Barty looms as grasscourt threat

Published by Matt Trollope

Ash Barty in action against Jana Fett in the second round of the Aegon Open in Nottingham; photo credit Getty Images for British Tennis
Australian Ash Barty, 12 months into her comeback, has returned to the site of the tournament that kickstarted her career resurgence. In a wide-open women’s field, is she a contender for Wimbledon?

One year ago, Ash Barty was taking the first tentative steps in her comeback to singles.

She’d played her first event – a $50,000 ITF grasscourt draw in Eastbourne – and progressed to the semifinals as a qualifier.

The following week, she headed to Nottingham, her first tour-level tournament since the 2014 US Open, which preceded a 20-month burnout-induced break from singles during which she tried her hand at a professional cricket career.

At Nottingham, Barty was again forced to come through qualifying before advancing to the quarterfinals – at the time just her second-ever appearance in the last eight at a WTA event.

Barty, then ranked No.623, pushed No.1 seed Karolina Pliskova all the way in a 7-6(2) 7-6(7) loss, another impressive performance in a 2016 grasscourt season that saw her finish with a 12-3 record.

A year on, Barty is ranked No.88. And she’s back in the quarterfinals of Nottingham after a 55-minute, 6-2 6-1 thumping of Croatia’s Jana Fett on Wednesday.

It followed a three-set victory over Tatjana Maria in the first round, a match in which she displayed some rust and fatigue after playing in the Roland Garros doubles final with Casey Dellacqua just two days earlier on vastly different clay.

“My preparation for the grass-court season was a 30-minute match warm-up (Tuesday) morning,” Barty revealed in an interview with The Tennis Journal.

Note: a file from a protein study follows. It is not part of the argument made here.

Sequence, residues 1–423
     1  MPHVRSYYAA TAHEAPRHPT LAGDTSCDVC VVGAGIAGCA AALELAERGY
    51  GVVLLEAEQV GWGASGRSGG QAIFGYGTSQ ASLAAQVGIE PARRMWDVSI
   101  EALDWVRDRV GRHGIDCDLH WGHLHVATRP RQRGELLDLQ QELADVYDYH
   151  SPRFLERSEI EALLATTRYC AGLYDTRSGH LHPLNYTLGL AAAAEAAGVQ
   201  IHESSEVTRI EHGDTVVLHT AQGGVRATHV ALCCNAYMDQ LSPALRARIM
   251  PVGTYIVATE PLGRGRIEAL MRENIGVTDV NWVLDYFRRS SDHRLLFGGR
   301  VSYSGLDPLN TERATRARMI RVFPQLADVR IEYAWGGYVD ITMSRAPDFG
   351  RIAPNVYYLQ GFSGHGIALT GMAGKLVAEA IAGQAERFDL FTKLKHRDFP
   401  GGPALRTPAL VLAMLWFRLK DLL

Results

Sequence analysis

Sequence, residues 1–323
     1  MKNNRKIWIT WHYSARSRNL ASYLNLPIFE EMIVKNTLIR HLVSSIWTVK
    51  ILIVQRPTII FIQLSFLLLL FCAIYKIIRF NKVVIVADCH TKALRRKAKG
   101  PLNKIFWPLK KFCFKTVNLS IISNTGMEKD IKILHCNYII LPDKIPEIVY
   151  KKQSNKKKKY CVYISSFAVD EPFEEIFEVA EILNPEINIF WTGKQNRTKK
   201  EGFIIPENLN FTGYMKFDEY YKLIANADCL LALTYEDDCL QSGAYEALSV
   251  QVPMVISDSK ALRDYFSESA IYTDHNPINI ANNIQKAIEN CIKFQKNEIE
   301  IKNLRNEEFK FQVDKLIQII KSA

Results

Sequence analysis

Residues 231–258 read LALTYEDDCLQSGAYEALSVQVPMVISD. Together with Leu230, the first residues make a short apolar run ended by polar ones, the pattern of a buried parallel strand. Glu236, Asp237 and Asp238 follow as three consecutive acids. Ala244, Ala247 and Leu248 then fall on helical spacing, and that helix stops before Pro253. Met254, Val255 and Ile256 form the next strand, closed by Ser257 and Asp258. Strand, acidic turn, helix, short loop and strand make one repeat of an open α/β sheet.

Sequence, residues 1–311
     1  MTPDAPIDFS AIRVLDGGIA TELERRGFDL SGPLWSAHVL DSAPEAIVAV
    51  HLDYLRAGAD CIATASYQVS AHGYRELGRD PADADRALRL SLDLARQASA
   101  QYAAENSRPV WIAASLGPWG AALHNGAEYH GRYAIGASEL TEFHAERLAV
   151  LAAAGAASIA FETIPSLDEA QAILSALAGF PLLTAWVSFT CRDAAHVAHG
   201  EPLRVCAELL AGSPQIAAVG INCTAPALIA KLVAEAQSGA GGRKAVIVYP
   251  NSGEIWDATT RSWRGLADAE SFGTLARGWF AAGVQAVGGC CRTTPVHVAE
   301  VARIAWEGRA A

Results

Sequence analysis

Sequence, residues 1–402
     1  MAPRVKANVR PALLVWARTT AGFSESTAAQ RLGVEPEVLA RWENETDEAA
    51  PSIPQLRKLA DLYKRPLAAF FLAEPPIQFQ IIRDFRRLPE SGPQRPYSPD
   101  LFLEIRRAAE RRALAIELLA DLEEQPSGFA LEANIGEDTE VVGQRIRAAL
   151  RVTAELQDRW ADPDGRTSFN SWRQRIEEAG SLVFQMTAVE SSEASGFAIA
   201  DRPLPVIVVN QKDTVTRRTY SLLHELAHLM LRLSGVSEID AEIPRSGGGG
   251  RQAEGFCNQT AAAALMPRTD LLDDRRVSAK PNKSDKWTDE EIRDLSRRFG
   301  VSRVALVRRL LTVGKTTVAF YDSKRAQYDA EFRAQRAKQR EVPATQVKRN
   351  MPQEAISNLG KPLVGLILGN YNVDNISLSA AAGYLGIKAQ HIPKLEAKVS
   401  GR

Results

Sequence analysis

“We didn’t get a chance to hit yesterday, obviously. We travelled and just needed a day away from the courts. But for me it was no stress. Win or lose, it was about getting a match on the grass. I’ve always played well here, I’ve always loved coming to Nottingham and love the city itself, and the courts are always in great condition.”

The Australian’s rapid rise has been one of the stories of the women’s tennis season in 2017.

A junior Wimbledon champion at just 15 years of age back in 2011, many pundits had the talented youngster earmarked for stardom until her hiatus had many fearing she may be gone from the sport for good.

Yet since she’s returned a stronger, more mature and more motivated player, Barty has proven a revelation.

“The past year has truly been phenomenal. I know as a tennis player you can go through some roller-coasters with the good and the bad, and I don’t think I’ve really had a bad trot yet – which is credit to my team, as well,” she told The Tennis Journal. “We spent the time earlier last year setting the foundation with training.”

In the wide-open landscape that currently characterises the women’s tour, her improvement and form bodes well for Wimbledon. It’s a venue at which she’s achieved plenty of success –  as well as her girls’ singles title in 2011, she reached the doubles final with Dellacqua two years later – on a surface she nominates as her favourite.

Her forehand and serve have developed into far bigger weapons since she emerged on the circuit as a teenager and her ability to now wrest control of a point and strike clean winners is mesmerising. Yet she seems to have lost little of the touch, technique, net skills and tennis brain that saw respected Australian coach David Taylor once liken her to Martina Hingis.

In the first phase of her career, Barty’s lone WTA quarterfinal came in Kuala Lumpur in 2013; that campaign ended in a 6-2 6-0 thumping by Anastasia Pavlyuchenkova.

Yet in the second segment – one she referred to last year as “2.0” – Barty has reached the last eight at the Taipei WTA 125K event, in Kuala Lumpur and Strasbourg, and twice at Nottingham. In Kuala Lumpur she went all the way to the title for her first WTA trophy, and in January produced her best ever Grand Slam showing with a third-round run at the Australian Open.

Her success has come on a variety of surfaces, from the hard courts of Melbourne and Malaysia to the clay of Strasbourg.

Yet back on grass, she’s feeling even better about her game.

“It’s been a big year so far, and this is a really exciting season for me now on grass. I’m comfortable on it, and it sort of felt like home out there again today,” she said after her win over Maria.

“I think this year’s still about consolidating, really. We’d love to finish the year still inside the top 100, looking to edge closer to the top 50. If we can crack it, great, and if not, we’d like to consolidate a little bit.”

Given the strides she’s managed to take in the past year, don’t bet against her going higher.

And this grasscourt season could be where the talented young Aussie truly makes her move.

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